Lt. William Broyles Jr. went back to Vietnam. A former editor of both Newsweek and The Texas Monthly, he returned for yet another magazine -- the Atlantic. He's written an article in the April issue about his month-long stay among his former enemies. I can summarize it quickly: We won the war after all.
Of course, you can't take me literally. We most certainly did not win the war. We lost the war and 58,022 lives and -- not that it matters after that -- trillions of dollars. We also lost an ally and prestige and lots of people who were our friends and, in the end, our self-respect. We fought an awful war for no good reason. It left a stain on our history and made American politics crazy and mean for more than a decade.
But at 6 one morning, former Marine lieutenant Broyles went for a run in Hanoi. The place was the park around the Lake of the Returned Sword, and because he is tall and lanky as a Texan should be, a Vietnamese man asked his nationality. "I bent down in the stooped posture that came to seem natural in a world where almost no one was taller than my shoulder, and told him I was an American. His face relaxed and he smiled broadly. 'Number one,' he said."
Broyles writes that that sort of scene got repeated time and time again. The Russians, the Mother Domino whom we thought we were really fighting in Vietnam, are loathed. Americans, though, are a different story. From the old South Vietnam that was once a huge American base, American culture has percolated up to the north -- a kind of Ho Chi Minh trail in reverse. A student asked Broyles about a singer named Michael Jackson; American gospel music from the Voice of America was played at breakfast, much to the annoyance of visiting Russians. Everywhere he went Broyles was given the same smiling message: "America, Number One."
Of course, rock music, jeans, T-shirts and movies are not the whole story. It hardly matters if the United States wins in this way if the people have no freedom, and that, make no mistake about it, is the case in Vietnam. But American consumer goods, as tawdry and fleeting as they can be, are emblematic of something else -- a way of life that's energetic, youthful, innovative and, of course, free. For that reason, it remains attractive and explains why in Vietnam to this day many hope that someday they can come to America.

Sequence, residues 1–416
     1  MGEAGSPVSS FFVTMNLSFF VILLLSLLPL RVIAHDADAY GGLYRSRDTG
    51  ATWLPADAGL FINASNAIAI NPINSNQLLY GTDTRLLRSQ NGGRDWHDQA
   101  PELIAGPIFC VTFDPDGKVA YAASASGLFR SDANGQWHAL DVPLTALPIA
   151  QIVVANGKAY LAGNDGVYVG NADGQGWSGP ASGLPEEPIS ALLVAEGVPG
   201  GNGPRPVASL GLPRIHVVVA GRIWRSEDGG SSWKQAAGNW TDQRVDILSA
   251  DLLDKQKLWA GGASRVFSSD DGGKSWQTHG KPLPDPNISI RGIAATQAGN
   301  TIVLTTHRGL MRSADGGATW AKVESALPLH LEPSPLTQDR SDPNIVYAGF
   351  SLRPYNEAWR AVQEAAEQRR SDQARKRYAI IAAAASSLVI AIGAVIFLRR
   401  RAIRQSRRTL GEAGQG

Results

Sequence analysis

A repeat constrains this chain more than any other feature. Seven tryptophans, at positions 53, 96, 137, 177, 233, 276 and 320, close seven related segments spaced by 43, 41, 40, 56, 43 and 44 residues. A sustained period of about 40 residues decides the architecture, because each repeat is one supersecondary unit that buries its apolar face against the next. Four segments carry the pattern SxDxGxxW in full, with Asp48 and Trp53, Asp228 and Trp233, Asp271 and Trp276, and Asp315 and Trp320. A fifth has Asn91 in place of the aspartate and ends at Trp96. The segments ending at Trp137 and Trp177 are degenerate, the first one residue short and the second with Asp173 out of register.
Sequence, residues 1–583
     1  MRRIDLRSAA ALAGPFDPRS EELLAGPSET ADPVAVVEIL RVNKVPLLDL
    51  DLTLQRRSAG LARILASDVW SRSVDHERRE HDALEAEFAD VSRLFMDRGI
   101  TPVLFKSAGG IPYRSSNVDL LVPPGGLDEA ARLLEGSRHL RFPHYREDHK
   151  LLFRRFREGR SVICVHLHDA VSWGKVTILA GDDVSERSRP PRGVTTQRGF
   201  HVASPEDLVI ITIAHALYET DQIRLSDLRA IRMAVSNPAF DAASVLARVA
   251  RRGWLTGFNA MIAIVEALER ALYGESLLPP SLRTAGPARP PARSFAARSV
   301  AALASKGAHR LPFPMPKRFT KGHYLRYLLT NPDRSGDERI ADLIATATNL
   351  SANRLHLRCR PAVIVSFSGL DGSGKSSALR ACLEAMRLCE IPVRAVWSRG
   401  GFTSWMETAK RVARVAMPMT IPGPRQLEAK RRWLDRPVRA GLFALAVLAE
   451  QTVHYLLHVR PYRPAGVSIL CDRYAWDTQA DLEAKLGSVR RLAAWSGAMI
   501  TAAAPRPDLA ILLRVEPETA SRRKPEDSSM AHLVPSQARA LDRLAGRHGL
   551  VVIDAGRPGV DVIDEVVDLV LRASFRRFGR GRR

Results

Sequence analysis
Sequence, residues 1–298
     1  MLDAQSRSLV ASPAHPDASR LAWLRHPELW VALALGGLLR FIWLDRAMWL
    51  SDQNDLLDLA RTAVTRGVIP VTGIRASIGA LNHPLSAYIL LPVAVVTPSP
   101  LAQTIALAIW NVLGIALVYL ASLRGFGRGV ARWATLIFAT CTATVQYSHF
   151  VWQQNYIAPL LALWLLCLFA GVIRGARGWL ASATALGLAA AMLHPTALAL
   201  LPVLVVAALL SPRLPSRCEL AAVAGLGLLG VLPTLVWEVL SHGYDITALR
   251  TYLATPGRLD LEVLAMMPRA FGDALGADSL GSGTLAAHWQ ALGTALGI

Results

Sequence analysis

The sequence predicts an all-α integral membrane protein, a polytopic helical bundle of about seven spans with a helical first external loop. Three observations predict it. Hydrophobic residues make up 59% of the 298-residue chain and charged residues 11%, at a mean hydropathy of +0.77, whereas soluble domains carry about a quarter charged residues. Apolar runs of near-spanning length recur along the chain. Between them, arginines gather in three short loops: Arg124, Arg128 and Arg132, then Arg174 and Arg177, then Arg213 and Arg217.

There is a lot more in Broyles' article, and you can take from it what you want. I took this -- that even in a country where we killed, where we made war, where we rained bombs and Agent Orange, where the jungle burned with napalm, America remains attractive. Our most formidable weapon is who we are as a peo- ple -- what we represent to the rest of the world. Yet in Vietnam, we fought with other weapons, and we continue, sometimes through surrogates, to do the same elsewhere in the world.
Do you think, for instance, that Nicaragua is any different from Vietnam in this regard? Do you think that we can keep up the pressure indefinitely -- so long that that country cries "uncle" and retreats from its own version of Manifest Destiny? Do you think our way of life is any less attractive there, so close to our shores, than it is in Southeast Asia? Is it possible that it is better to hire an army to deal with the Sandinistas than to fight with the most formidable weapon we have -- what it means to be an American. At the very least Vietnam proved that other weapons, whatever their immediate impact, have limited value in the long run. Nothing, though, endures like an idea.
Still, for some reason, the goodness of America gets translated abroad into funding for contras and support for ugly regimes It gets translated into alliances with goons and the feeling that time is our enemy when, in fact, it is our ally. If we had the patience of the Vietnamese we would know that. What's 10 years? What's even 20? It's possible even Fidel Castro is inching toward us, and someday, for sure, his island will come the rest of the way. William Broyles went back to Vietnam, and it was instructive to go back with him. Our former enemy taught us many hard lessons during the war and, through Broyles, has taught us yet another: America number one. It's time we believed it too.